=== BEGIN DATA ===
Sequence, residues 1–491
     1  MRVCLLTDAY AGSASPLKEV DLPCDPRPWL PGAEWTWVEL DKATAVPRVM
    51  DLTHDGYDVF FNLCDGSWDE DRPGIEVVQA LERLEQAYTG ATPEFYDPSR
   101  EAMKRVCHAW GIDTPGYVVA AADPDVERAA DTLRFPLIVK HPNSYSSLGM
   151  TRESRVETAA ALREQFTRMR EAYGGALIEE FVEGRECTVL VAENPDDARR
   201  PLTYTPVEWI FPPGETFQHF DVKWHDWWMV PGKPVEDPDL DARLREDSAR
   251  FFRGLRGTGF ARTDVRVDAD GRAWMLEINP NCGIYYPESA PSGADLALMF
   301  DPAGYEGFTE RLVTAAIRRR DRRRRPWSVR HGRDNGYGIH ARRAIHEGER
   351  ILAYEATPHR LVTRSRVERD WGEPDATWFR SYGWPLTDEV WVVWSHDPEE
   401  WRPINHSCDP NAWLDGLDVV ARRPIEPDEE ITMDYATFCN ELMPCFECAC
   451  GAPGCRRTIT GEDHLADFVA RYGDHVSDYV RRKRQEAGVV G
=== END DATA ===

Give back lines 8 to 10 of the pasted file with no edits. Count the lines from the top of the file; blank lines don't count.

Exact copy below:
   301  DPAGYEGFTE RLVTAAIRRR DRRRRPWSVR HGRDNGYGIH ARRAIHEGER
   351  ILAYEATPHR LVTRSRVERD WGEPDATWFR SYGWPLTDEV WVVWSHDPEE
   401  WRPINHSCDP NAWLDGLDVV ARRPIEPDEE ITMDYATFCN ELMPCFECAC